FROMENTAL: THE CREATIVE DUO BEHIND THE BRAND

 Lizzie and Tim from Fromental

Lizzie and Tim from Fromental

Textile designers Tim Butcher and Lizzie Deshayes joined forces in 2005 to establish one of Isla & Eden’s favourite brands, Fromental. This luxury interiors house creates ‘handmade couture for walls’; its beautiful embroidered wallpaper and fabric collections include both classic chinoiserie and more contemporary compositions. Over the past ten years they have garnered a host of industry awards, and their sumptuous wallcoverings are now in demand worldwide. We talked to them about the influences that drive their designs…

How did you become involved in wallpaper and come to set up Fromental?

Tim: After graduating in textile design as a weaver, I spent two years in tailoring, producing silks for leading designers including Paul SmithTimothy EverestDuchamp and Ralph Lauren. I then worked as Creative Director at Chinoiserie house de Gournay, where my creative focus was as much on the technology and process as the visuals of design. I established new production abilities and launched a fabric and fashion business for the wallpaper house. Over this time, my focus shifted from fashion to interiors, as rooms provide a much more expansive surface area on which to play with pattern. In 2005 I founded Fromental with Lizzie. I'm the Creative Director.  

Lizzie: Having studied textile design, I spent two years designing prints for silk neckwear before going freelance as a textile and graphic artist. As Fromental's Design Director, I develop new products and designs, often in conjunction with Tim. 

Where does your design inspiration come from? 

Tim: Lizzie and I always have our antennae out, though not usually in our own part of the design world. I’m always interested in what other wallpaper designers are doing but I find it difficult to look too close to home, for fear of being influenced. The past, though, is always an inspiration. Most of our designs are rooted in an earlier period, revisited with new eyes. Some examples of recent influences are 1920s bakelite mathematical models (Johnson Bangles); Jean Lurçat tapestries (designs being developed now); brutalist architecture and sculpture (Belsize Tiles); and the work of Christian Bérard (Berard, Berard Vine).

 Johnson Bangles from the Roger Thomas collection

Johnson Bangles from the Roger Thomas collection

 Jean Lurçat’s L’Entraide tapestry

Jean Lurçat’s L’Entraide tapestry

 Belsize Tiles from the Roomskins collection

Belsize Tiles from the Roomskins collection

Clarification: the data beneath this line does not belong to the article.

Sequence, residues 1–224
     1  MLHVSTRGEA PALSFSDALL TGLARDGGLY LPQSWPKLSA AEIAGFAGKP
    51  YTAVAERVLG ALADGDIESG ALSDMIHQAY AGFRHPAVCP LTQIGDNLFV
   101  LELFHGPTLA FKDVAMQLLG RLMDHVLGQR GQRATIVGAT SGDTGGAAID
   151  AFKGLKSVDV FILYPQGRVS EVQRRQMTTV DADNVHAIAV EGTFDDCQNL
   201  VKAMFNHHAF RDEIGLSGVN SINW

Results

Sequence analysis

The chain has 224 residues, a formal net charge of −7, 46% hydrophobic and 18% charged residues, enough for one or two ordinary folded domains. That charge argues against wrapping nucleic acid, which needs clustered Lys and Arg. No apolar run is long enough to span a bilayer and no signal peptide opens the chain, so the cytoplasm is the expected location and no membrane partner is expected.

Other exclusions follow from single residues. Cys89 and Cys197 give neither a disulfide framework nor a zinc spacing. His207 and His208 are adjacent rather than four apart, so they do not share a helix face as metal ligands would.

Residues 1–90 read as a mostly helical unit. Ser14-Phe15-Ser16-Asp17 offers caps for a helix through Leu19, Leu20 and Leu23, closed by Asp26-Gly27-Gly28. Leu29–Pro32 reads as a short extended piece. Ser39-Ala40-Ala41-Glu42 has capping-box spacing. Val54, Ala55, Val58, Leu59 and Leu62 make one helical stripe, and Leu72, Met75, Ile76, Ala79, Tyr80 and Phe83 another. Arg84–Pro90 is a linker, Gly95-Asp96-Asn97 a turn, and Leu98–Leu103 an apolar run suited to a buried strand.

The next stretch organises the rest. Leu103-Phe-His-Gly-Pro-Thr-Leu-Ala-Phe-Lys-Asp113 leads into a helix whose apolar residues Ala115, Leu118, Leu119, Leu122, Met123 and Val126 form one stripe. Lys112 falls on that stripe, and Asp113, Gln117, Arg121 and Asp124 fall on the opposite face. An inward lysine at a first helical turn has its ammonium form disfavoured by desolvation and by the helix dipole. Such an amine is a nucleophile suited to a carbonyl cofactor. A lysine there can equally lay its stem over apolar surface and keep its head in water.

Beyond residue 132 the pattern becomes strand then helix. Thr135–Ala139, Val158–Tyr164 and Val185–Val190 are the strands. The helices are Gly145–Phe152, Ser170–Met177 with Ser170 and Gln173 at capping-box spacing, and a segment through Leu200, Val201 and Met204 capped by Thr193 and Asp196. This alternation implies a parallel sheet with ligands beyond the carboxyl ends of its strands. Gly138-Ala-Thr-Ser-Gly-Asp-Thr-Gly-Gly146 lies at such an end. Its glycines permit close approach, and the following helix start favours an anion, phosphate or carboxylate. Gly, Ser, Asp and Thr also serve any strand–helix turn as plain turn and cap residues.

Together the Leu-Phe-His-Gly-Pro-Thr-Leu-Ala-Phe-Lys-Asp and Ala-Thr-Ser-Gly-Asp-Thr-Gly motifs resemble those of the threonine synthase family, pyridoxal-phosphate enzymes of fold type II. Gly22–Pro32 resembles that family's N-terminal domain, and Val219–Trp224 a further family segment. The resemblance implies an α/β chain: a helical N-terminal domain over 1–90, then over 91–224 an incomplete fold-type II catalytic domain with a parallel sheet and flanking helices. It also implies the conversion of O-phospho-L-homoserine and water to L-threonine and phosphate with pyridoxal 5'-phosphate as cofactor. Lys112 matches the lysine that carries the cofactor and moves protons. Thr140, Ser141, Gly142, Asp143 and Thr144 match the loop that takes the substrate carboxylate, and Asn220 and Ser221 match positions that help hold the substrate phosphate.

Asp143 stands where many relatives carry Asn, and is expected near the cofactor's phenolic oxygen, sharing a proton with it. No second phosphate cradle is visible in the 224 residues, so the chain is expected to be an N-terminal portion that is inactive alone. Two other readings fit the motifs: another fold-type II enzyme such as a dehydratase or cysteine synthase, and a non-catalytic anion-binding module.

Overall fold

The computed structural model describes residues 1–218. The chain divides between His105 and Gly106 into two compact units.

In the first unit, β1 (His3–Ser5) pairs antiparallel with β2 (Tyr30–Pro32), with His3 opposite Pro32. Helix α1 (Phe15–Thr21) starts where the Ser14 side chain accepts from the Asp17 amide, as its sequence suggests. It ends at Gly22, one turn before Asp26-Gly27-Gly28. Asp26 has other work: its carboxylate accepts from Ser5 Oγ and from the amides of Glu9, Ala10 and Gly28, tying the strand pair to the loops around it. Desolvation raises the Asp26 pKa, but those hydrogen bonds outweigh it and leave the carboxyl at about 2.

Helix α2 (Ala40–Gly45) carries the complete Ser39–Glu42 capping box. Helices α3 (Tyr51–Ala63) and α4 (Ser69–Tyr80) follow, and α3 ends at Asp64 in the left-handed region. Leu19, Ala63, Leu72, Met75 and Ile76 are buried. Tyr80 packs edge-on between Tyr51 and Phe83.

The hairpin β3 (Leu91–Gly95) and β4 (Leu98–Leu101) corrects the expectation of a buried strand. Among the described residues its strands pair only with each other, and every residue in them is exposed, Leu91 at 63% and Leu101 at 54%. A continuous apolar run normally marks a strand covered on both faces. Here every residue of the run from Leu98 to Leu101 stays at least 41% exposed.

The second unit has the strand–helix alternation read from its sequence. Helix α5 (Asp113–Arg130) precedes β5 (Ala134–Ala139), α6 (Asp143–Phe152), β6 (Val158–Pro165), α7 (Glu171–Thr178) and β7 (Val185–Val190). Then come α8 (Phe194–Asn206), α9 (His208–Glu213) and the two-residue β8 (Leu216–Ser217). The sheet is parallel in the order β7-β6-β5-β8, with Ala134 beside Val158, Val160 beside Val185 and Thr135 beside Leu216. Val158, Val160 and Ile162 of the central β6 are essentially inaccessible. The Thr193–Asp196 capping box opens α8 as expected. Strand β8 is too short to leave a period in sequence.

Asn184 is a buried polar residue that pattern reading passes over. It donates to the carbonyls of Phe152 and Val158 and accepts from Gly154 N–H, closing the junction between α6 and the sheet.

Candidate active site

Berard (20th century collection)

Berard (20th century collection)

We spend a lot of time in China working with our artists, so Chinese paintings are a strong influence. Some of the first designs in our 20th Century collection were based on the scroll paintings of Qi Baishi [an influential Chinese painter]. Also, my love of 18th-century Chinese export wallpapers continually feeds my creativity. When we began, we created a clean, contemporary take on it with very ‘London fashion’ colourways (Paradiso Chinoiserie in Fern or Mahogany, for example), whereas now I’m enjoying producing designs such as Indienne, which has the crazy grandeur and scale of the original papers. Interestingly, these aged and bold patterns now feel more on trend to me that the hot fashion colours of Mahogany.

 Paradiso in Mahogany

Paradiso in Mahogany

 Indienne (1787 collection)

Indienne (1787 collection)

What are your favourite designs from your collections and why?

Lizzie: I do tend to prefer the designs from the 20th century as I’m more involved in their creation and they are really based on my style and inspiration. My favorite of the moment is Rockface. But I love the designs Tim creates too – Folly (a new chinoiserie) is glorious.

 Rockface from the Roomskins collection

Rockface from the Roomskins collection

 Folly from the 1787 collection

Folly from the 1787 collection

There’s a strong emphasis on environmental issues and employee wellbeing across your business. Tell us more about your ethical stance.

Lizzie: China is working hard on keeping its rivers clean, so textile manufacturers are very closely monitored. We have always stuck to using water-based paints and products, and our waste silk is collected and recycled. Employee wellbeing is a key priority for us – we would hate for people to be unhappy in our employ.

Fromental’s elegant designs are customised to fit each client’s space and usually take between eight and twelve weeks to make. To find out more about the collections, visit the Fromental homepage, or contact us to request a brochure and talk through your requirements.  

Alexander Baxter